Thirty-Third Sunday in Ordinary Time: A world of disorder

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A relief on the first-century Arch of Titus in Rome depicts a triumphal procession with spoils from the destruction of the Temple in Jerusalem. (Wikimedia Commons/Carole Raddato)

November 17, 2019

Malachi 3:19-20a

Psalms 98

2 Thessalonians 3:7-12

Luke 21:5-19

Some months after 9/11, I asked one of my Romanian friends how people in her country, people who had lived through five decades of communist repression, interpreted the attacks. She said they found it terribly frightening, reasoning that if that could happen to the United States, nobody in the world is safe.

I was taken aback to realize how our vulnerability reverberated across the globe. I remembered that conversation while reading Jesus' prediction of the destruction of the Temple in today's Gospel.

Jesus and his people saw the Temple as the sign and locus of God's presence on earth. The crown jewel of Judaism, Herod's rebuilt temple wasn't completed until A.D. 64, just six years before the Romans razed it and killed thousands of Jews while wiping out a rebellion.

Because the Temple symbolized God's presence and the stability of their faith tradition, Jesus' prediction that "the days will come when there will not be left a stone upon another," must have sounded like the end of the world. In typical fashion, when the disciples asked when all this would happen, Jesus circumvented the question by putting it in a larger context.

Jesus' response to questions about the end can be summarized by his first six words: "See that you not be deceived."

Jesus warned his disciples that after they experienced serious persecution, imposters would try to undermine the faithful. Violence and war, natural disasters and cosmic omens would terrify the people. The disciples themselves would be betrayed and brought before tribunals.

Jesus' conclusion? "Don't worry. Don't even try to prepare yourselves, because I myself will give you wisdom. By your perseverance, you will secure your lives."

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Those who heard and remembered these words had expected the end of the world to come soon. Then, 40 years after Jesus death, they witnessed the destruction of the Temple. That was a few years after the Roman Emperor Nero unleashed an orgy of persecution of Christians. The early Christians didn't see the end of the world they expected, but they were undergoing crises of world disorder.

Jesus and his companions lived in a precarious world. Simple infections and childbirth were often fatal and Rome cared little about how many non-Romans lost their lives when rebellions needed to be suppressed. There was no such thing as insurance or weather predictions to reduce the dangers of accidents or natural disasters.

If Jesus had to warn people of his time against false securities, how much more the 21st-century citizens of the wealthy nations of the world?

At the end of the church year, our liturgies call us to consider our mortality and the fragility of everything we create and might be tempted to rely on. That's an immensely countercultural task. Contemporary Western society tries to hide all signs of weakness. The purveyors of cosmetics and pharmaceuticals all but promise to prevent the effects of aging. Our consumerism is a barely disguised flight from reminders of death's invincible power.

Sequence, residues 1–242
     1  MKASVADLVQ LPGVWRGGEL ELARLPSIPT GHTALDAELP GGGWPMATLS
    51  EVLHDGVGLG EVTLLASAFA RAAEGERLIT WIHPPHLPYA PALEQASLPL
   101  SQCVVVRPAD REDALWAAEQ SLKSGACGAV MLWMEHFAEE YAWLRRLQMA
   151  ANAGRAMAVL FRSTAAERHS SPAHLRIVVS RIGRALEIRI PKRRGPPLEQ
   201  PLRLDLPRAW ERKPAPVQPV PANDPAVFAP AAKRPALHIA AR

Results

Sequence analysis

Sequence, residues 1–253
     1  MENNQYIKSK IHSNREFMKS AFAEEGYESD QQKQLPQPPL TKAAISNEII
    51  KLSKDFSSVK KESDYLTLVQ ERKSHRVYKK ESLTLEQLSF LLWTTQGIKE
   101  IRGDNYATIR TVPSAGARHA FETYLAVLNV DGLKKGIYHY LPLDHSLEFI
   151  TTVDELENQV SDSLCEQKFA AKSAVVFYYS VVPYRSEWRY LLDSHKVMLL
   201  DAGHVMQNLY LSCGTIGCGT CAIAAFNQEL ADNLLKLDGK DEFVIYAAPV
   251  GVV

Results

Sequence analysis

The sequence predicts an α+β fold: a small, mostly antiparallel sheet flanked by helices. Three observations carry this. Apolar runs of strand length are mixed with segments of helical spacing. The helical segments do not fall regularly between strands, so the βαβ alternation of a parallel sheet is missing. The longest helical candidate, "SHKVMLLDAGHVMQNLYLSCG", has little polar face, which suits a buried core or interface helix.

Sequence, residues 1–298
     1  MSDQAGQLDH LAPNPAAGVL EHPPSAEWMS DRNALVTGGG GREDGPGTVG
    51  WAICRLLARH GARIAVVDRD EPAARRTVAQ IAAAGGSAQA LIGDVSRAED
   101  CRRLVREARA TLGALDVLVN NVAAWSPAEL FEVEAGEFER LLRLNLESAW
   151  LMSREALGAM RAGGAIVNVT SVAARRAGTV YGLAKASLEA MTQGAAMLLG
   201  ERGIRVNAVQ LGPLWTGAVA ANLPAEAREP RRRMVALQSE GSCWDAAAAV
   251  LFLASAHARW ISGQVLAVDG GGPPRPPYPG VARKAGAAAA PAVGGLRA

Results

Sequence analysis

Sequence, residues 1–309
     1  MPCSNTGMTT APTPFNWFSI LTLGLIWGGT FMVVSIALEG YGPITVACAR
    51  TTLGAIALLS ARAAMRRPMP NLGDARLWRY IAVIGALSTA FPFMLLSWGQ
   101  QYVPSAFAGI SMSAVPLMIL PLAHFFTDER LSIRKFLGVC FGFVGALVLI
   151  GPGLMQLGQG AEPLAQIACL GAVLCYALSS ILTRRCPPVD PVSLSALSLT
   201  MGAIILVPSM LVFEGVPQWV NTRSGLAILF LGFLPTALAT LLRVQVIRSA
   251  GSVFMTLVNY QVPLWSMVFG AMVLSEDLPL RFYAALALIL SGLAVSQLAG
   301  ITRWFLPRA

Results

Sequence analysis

Jesus warned his disciples about upcoming persecutions and the demise of the Temple to strip them of the empty optimism and self-centered ambition that could detour them from reliance on God. His task might not have been as difficult in the first century as it is today.

Ours is a socially and psychologically precarious epoch. We have lived with the threat of atomic warfare for 74 years. As people of color and women progress toward attaining their inherent social equality, those who must make room for them can feel threatened. Some of us take our anxieties out on new immigrants by reenacting the prejudice and persecution our own immigrant ancestors faced in centuries past. The technological age is turning the globe into a neighborhood and the internet can expose secrets once hidden to all but those closest to us.

This may not be the end of the world, but everything we thought we understood is changing faster than we can comprehend. Our situation is strangely similar to what Jesus described in today's Gospel.

The terrifying reality Jesus had to face for himself and proclaim to his disciples is that we are mortal and our institutions are impermanent. In response to that, the prophet Malachi calls us to "fear of the Lord," the awe-filled faith that God is mysteriously greater than all the forces that threaten us.

Jesus told the disciples not to worry because he would be with them. We can't stop the change and we shouldn't allow false security blankets to deceive us into ignoring the crises of our times. The Gospel tells us that we can accept today's crises — from the personal to the cosmic — as God-given occasions of grace and opportunities to give witness. Christ promises to be with us, if we will only rely — or rely only — on him.

[Mary M. McGlone is a Sister of St. Joseph currently writing the history of the Sisters of St. Joseph in the U.S.]

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This story appeared in the Nov 1-14, 2019 print issue under the headline: A world of disorder .

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